Dr. Hendry's interest in Old South Baton Rouge began about 25 years ago, and shortly after she was introduced to McKinley High School.
Downtown Baton Rouge Capitol Park Museum hosts a Lunchtime Lagniappe, which is an ongoing series of brown bag talks during lunch hour.
The event is free and open to the public, while the museum presents something educational to attendees. During Lunchtime Lagniappe on March 13, co-author of Old South Baton Rouge: The Roots of Hope, Dr. Petra Munro Hendry, spoke about the research and planning of the book. Carolyn Ware is the other author.
Dr. Hendry's interest in Old South Baton Rouge began about 25 years ago, and shortly after she was introduced to McKinley High School. McKinley was the first publicly funded public school for blacks in the deep south. Prior to that, they were all private.
Old South Baton Rouge: The Roots of Hope is based off 250 world history interviews conducted by the high schoolers. The students met with individuals for interviews for about an eight-week period and did all of the transcribing, as well.
"This book took years of creating relationships and doing research in Old South Baton Rouge," Dr. Hendry said. "The first year, we looked at the history of McKinley. The second year, we looked at the history of businesses in Old South. The third year, it was the history of the churches. Fourth year focused a lot on the history of the bus boycott in 1953. Then, the fifth year, we focused on social clubs and organizations and their history in that area."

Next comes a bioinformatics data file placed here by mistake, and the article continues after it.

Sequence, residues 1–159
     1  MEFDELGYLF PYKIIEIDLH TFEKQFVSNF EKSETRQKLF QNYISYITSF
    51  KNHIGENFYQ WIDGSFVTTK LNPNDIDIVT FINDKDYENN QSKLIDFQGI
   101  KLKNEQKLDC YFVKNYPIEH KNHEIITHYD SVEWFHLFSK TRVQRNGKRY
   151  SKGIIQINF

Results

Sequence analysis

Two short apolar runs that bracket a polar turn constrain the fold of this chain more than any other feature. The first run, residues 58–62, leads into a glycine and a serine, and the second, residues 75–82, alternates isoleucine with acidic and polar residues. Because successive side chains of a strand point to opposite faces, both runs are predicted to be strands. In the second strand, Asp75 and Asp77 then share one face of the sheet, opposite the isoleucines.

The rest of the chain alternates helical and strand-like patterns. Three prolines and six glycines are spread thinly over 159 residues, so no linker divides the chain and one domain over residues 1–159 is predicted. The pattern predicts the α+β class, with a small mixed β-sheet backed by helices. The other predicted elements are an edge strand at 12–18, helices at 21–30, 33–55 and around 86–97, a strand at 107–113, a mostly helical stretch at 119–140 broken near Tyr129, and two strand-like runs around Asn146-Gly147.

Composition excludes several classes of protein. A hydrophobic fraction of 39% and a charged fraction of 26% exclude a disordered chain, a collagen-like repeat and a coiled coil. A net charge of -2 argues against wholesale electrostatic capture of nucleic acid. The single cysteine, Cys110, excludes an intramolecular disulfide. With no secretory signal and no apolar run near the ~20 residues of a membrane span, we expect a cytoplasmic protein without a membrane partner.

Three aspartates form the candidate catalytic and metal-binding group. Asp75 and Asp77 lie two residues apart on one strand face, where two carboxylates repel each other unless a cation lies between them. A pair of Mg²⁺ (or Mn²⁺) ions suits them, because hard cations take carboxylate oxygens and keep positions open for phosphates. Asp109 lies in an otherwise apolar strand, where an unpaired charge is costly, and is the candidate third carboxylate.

In regards to McKinley, it is now a community center with a museum on the first floor, which Dr. Hendry recommends everyone visit at some point. The first principal of McKinley was James Monroe Frazier, who was an educational pioneer and established schools for African Americans in the community.
Schools that Frazier helped create include Perkins St. School, Reddy St. School, and Hickory St. School. All of these were created between 1909 and 1917.
"Old South Baton Rouge boundary at the South is where LSU is located, then goes to the North boundary, which is where Government Street is," Dr. Hendry said. "A unique thing about it is that it was called Bottoms, because it is the lowest lying land and was historically seen as unusable due to floods."
Mayor Robert E. Hart, at the time, decided to buy the Magnolia Mound plantation. The Magnolia Mound was Old South Baton Rouge until the Civil War time, when ex-slaves began to migrate and settle on the levee areas. Dr. Hendry states that Mayor Robert began to separate plots of land on the Plantation for developers to purchase and build on. A man named Swart built the first suburb near S. Boulevard.
Originally, Old South Baton Rouge was a 2.25 square mile area.
Follow Darian on Twitter @dariangshark.